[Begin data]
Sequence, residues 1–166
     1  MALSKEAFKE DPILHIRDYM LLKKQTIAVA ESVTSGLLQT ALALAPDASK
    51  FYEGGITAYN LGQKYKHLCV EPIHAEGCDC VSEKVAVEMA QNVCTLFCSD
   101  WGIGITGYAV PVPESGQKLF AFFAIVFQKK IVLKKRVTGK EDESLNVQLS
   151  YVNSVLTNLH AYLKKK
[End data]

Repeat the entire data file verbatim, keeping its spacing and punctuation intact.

Sequence, residues 1–166
     1  MALSKEAFKE DPILHIRDYM LLKKQTIAVA ESVTSGLLQT ALALAPDASK
    51  FYEGGITAYN LGQKYKHLCV EPIHAEGCDC VSEKVAVEMA QNVCTLFCSD
   101  WGIGITGYAV PVPESGQKLF AFFAIVFQKK IVLKKRVTGK EDESLNVQLS
   151  YVNSVLTNLH AYLKKK